All of my great-great-great-grandparents were orphans. They didn’t have parents left. They were all taken away.
On resistance to the film:
Terry George: I had a very healthy exchange with a Turkish journalist in L.A. who represented the Hollywood Foreign Press, who presented the Turkish perspective that the genocide didn’t happen, that it was a war and bad things happened and lots of people died on both sides. I pointed out to him that’s exactly true, but in the case of the Armenians, it was their own government who was killing them. So we talked that out.
We had this thing where IMDB was hijacked. We had the sudden appearance of “The Ottoman Lieutenant” movie four weeks ago where it was like a reverse mirror image of this film right down to the storyline….
Our idea, as always with any of these subjects, is get it out there; let’s discuss the thing. I’d be more than willing to sit down with any representative of any Turkish organization and talk this out in terms of different perspectives and present our perspective on it.
Christian Bale: Maybe I shouldn’t say this, but don’t you think also, though, that there’s a kind of a false debate created – a bit like climate change – as though there’s as strong evidence on one side as on the other. But there isn’t. There isn’t as strong of an argument. Similarly with this – the evidence really just points to the fact that it was genocide.
Terry George: Well, the Turkish journalist’s perspective was, “Let’s have a convention about this, and everyone sit down.” Yeah, 100 years later, the evidence has been shredded. Every respected historian in the world recognizes it was a genocide. Almost every government that isn’t swayed by Turkish strategic position recognizes that it’s a genocide. So let’s sit down and figure out what went on? It’s a bit late, guys. The whole world acknowledged what took place, and find a way toward some kind of reconciliation.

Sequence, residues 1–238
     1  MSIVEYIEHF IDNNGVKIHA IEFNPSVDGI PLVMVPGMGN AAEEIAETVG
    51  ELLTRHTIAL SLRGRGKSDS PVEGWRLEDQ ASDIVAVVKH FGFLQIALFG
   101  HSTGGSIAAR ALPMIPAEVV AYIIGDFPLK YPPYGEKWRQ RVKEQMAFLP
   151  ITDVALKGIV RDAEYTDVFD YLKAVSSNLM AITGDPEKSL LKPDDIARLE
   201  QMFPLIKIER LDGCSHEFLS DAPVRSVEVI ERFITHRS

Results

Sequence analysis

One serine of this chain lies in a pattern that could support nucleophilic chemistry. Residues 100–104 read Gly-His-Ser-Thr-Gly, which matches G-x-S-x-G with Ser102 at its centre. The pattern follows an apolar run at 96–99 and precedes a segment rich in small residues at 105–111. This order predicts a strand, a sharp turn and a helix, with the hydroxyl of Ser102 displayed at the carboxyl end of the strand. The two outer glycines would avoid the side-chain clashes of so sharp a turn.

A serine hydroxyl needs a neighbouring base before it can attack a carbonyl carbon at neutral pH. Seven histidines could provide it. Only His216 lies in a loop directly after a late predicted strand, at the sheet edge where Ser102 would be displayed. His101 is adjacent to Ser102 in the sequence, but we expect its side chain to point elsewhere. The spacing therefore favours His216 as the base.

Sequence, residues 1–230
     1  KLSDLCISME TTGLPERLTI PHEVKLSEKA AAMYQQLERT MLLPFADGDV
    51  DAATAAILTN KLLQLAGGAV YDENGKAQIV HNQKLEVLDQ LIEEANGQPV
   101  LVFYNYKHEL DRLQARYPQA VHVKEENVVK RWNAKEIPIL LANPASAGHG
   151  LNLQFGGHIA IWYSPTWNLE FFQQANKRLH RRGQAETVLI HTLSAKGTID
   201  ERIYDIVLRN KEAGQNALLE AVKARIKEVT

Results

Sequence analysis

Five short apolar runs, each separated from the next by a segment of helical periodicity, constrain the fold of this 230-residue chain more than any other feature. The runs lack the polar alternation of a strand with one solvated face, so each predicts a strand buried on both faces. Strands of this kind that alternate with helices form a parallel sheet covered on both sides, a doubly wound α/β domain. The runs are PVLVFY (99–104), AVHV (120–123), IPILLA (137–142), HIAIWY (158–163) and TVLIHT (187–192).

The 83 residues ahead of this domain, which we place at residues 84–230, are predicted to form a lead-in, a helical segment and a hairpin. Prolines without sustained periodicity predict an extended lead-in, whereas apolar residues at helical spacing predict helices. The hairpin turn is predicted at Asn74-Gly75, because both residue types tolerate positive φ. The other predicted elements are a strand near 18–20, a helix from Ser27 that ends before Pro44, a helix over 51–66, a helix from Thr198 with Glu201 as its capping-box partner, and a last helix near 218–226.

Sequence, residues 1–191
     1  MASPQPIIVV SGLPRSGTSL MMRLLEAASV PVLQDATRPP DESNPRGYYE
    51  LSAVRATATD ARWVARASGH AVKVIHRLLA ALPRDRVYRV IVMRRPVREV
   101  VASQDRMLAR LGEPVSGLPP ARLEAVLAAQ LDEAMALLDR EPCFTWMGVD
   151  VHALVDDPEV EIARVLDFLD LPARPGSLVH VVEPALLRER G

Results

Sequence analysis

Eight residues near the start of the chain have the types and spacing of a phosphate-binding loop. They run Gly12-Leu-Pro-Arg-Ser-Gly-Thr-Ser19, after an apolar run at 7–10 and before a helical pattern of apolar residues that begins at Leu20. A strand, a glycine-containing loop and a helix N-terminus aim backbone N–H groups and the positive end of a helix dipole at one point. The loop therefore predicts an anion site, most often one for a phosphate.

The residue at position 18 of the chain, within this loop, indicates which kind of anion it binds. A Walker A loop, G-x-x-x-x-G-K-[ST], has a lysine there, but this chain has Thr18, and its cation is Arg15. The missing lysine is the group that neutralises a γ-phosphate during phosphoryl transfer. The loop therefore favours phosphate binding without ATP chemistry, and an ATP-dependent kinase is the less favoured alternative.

On Armenian heroes they learned about as a result of making the film:
James Cromwell: I think [Henry] Morgenthau [U.S. Ambassador to the Ottoman Empire from 1913-1916 during the Armenian Genocide] was pretty impressive. I didn’t know anything about him when I started…. Today, there are no people with that sort of moral outrage as part of our State Department. There are ambassadors to Yemen, there are ambassadors to Sudan and Somalia and Syria and Libya, and you hear nothing. No one stands up for the people who are being oppressed all over the world as far as taking responsibility in the way Morgenthau took responsibility….
As far as a cause is concerned, it just shows us that from the top down to every average citizen, we have been so desensitized to the suffering of other people that we cannot recognize ourselves in the other, which is one of the reasons you do a film like this, that it has a narrative at the core so that an audience can come in and feel what other people feel. And by doing that, you do what Shakespeare said – hold a mirror up to nature….
Terry George: There was an ambassador quite recently, Ambassador Evans, who was the ambassador to Armenia, who refused to not say the word “genocide,” who said the word “genocide” and was forced to resign. In the Clinton Administration?
James Cromwell: Bush.
Terry George: So he’s a latter day hero in the mode of Morgenthau and rightly stood up and recognized it for what it was and paid for it with his job.
On how citizens can make a difference with regard to the current atrocities committed around the world:
Christian Bale: The film was just the beginning of a whole big social campaign. There’s this Promise Institute for Human Rights that just opened up at UCLA…. A fact that 100% of the proceeds has gone toward charities (Human Rights Watch, Amnesty International, and others). Getting involved with people who are out there on the front lines, so to speak, trying to hold people accountable for genocide.
The press is obviously vital in doing that as well in getting evidence, in getting paper trails, data, that’s all essential. And then compassion, isn’t it, on a daily basis? And who you vote for is vital. But just compassion. The hope very much with this film is to be able to decrease hostilities, and hopefully, people will have compassion for the refugees and the crisis that so many people are going through nowadays.
Terry George: We’re partnered with one organization that I got involved with during “Hotel Rwanda” called Global Nomads. We’ve made this video that we hope to distribute and show in schools around the world.